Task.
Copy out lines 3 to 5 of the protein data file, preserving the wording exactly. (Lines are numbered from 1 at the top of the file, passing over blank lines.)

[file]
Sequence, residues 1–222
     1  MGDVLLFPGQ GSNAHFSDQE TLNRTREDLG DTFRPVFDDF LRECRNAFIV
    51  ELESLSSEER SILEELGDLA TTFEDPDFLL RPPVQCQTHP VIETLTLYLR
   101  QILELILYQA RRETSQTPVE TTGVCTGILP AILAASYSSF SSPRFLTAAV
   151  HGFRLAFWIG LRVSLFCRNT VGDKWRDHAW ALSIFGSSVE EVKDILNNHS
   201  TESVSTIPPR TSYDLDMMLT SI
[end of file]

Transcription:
    51  ELESLSSEER SILEELGDLA TTFEDPDFLL RPPVQCQTHP VIETLTLYLR
   101  QILELILYQA RRETSQTPVE TTGVCTGILP AILAASYSSF SSPRFLTAAV
   151  HGFRLAFWIG LRVSLFCRNT VGDKWRDHAW ALSIFGSSVE EVKDILNNHS